After a titanic effort, and more than twenty years of development, first prototypes of quantum computers have been built and demonstrated so-called quantum supremacy. At the same time, selected problems exist for which it is known that quantum algorithms can accelerate the solution. This has raised hopes that quantum computers will soon be able to address important problems that cannot be addressed with their classical counterparts.
The story is, however, far from being complete. Firstly, all existing and planned quantum computers are noisy and plagued with errors. Secondly, most quantum algorithms do not tolerate errors, which severely limits the applicability of quantum computers until they become error free. There exist some heuristic quantum algorithms, which might work under low error rates but whose efficiency over classical ones needs to be demonstrated. Additionally, algorithms for scalable devices are scarce. At the same time, the new prototypes of quantum computers have initiated several fundamental questions, ranging from their complexity to their capability of being used in machine learning.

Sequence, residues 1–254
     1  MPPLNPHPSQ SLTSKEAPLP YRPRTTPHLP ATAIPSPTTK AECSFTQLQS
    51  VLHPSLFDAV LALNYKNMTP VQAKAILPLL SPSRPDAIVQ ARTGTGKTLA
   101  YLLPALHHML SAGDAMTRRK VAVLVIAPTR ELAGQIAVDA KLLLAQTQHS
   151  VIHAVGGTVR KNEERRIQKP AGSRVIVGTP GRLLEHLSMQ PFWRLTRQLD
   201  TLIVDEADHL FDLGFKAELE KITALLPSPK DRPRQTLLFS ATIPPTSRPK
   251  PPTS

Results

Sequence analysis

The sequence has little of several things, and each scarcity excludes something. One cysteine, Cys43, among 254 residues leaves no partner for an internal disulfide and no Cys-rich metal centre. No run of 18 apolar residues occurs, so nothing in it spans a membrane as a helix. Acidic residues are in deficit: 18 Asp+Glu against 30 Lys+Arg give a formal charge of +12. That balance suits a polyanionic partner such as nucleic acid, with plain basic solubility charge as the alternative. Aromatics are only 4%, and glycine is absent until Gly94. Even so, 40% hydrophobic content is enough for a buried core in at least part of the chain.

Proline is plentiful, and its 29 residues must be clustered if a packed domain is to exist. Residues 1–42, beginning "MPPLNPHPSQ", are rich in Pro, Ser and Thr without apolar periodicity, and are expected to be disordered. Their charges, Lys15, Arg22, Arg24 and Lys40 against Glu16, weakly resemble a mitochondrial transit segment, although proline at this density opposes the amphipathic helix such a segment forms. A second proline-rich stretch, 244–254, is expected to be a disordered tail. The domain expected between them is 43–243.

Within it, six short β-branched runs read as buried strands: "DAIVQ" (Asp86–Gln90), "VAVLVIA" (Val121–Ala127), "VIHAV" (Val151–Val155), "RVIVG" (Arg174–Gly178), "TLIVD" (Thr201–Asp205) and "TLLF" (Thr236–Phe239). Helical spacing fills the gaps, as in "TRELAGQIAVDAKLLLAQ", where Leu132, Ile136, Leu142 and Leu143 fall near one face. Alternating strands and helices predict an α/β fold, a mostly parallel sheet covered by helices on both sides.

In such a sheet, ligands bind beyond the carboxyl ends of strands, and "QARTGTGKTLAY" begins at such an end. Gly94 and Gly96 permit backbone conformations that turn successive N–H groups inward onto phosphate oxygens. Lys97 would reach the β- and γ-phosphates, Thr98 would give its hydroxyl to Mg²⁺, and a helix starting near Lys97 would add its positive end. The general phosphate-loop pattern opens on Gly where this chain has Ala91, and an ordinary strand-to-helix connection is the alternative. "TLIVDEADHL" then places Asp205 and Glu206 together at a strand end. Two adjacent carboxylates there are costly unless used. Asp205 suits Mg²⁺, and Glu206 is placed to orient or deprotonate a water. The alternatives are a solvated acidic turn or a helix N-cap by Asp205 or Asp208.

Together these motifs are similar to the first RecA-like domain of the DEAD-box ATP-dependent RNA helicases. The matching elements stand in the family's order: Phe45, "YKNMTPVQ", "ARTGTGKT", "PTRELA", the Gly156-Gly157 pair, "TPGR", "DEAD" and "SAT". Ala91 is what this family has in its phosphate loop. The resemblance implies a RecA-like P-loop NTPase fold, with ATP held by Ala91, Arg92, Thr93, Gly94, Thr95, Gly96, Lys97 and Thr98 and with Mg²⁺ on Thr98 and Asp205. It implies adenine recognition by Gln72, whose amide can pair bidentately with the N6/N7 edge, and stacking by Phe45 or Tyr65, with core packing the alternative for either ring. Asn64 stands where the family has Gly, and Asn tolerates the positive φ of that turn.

This consortium addresses the theoretical questions raised above. It contributes to the development of the quantum information theory behind Noisy Intermediate-Scale Quantum (NISQ) and analog devices. It constructs new quantum algorithms both for present and planned scalable generations of devices. It also builds new methods and protocols to certify quantum computers and their capability of demonstrating a quantum advantage. Finally, it investigates the improvement of current quantum computers by establishing new control and error mitigation methods, and helps scaling them up by devising and improving error correction techniques.